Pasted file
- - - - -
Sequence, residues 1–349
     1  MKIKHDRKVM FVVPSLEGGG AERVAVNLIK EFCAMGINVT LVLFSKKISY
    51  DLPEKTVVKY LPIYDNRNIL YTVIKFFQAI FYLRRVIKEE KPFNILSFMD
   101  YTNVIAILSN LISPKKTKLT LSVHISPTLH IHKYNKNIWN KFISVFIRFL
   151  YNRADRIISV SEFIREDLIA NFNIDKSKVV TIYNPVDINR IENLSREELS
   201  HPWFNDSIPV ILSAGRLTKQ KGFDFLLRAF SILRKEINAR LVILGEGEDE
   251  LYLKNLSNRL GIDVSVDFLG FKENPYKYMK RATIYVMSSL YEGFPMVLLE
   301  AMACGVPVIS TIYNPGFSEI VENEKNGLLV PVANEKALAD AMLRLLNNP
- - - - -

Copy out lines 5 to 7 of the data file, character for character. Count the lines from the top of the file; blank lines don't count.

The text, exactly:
   151  YNRADRIISV SEFIREDLIA NFNIDKSKVV TIYNPVDINR IENLSREELS
   201  HPWFNDSIPV ILSAGRLTKQ KGFDFLLRAF SILRKEINAR LVILGEGEDE
   251  LYLKNLSNRL GIDVSVDFLG FKENPYKYMK RATIYVMSSL YEGFPMVLLE